Wilbur Wright to Octave Chanute

Dayton, August 6, 1905

Your letter inclosing illustration of the Archdeacon machine has been received. Mr. Archdeacon will probably find the machine better fitted for flying as a kite than for gliding.

The tragic death of poor Maloney1 seemed the more terrible to me because I knew it was coming and had tried in vain to think of some way to save him. I knew a direct warning would tend to precipitate rather than prevent a catastrophe. The Montgomery pamphlet showed an entire misapprehension of the real facts regarding the distribution of pressures and the travel of the center of pressure with increasing speed, and it seemed to me something awful that poor Maloney should cut loose high in the air and lightly cause the machine to dart and describe circles without knowing that there were critical points beyond which it would be absolutely impossible for him to right the machine.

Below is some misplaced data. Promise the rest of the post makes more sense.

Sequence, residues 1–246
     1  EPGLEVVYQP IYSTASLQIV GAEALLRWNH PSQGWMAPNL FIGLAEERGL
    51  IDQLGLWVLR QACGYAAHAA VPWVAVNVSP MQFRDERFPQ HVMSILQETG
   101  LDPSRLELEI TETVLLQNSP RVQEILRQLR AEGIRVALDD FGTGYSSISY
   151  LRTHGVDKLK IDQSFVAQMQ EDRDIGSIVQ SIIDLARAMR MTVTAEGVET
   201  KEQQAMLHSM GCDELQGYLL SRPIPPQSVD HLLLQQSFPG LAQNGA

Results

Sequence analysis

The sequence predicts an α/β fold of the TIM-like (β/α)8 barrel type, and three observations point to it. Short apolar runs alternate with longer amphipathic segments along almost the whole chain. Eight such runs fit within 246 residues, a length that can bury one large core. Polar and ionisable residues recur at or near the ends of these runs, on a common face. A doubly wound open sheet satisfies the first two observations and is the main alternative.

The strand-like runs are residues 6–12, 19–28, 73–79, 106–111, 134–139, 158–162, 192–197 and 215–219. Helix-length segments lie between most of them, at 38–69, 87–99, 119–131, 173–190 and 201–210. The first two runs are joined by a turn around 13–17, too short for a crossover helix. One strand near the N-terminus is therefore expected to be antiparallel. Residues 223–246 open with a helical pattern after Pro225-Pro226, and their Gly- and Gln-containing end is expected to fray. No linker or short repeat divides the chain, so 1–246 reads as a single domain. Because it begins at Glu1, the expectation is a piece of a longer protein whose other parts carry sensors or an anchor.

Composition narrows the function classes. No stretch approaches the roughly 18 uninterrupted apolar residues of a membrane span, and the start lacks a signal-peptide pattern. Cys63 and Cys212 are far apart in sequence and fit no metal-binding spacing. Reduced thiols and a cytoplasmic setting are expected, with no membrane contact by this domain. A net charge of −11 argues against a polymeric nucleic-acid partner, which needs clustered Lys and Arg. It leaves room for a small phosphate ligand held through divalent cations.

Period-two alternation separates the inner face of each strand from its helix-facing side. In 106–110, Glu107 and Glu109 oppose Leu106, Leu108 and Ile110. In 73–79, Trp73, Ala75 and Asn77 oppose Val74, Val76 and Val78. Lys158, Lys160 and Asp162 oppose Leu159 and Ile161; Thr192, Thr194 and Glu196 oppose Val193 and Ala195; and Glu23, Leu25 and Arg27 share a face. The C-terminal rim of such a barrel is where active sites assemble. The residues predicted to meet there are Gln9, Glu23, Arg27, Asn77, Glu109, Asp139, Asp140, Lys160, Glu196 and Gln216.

An almost perfect chance to measure the normal flying speed of the crow gave a result of a little less than twenty miles an hour. A distance of 1600 ft. was covered in 52 seconds, the birds flying with the wind which was about 3 miles an hour.

We have not tried our machine for several weeks but will probably make some flights the coming week.

1 Daniel Maloney, "Montgomery's man," was killed at Santa Clara, California, July 18, 1905, while attempting to glide to earth after being cut loose in mid air from a balloon. For an account of Montgomery's experiments, see n. 9, Chanute to Wilbur Wright, Apr. 4,1905.

Octave Chanute to Wilbur Wright, August 9, 1905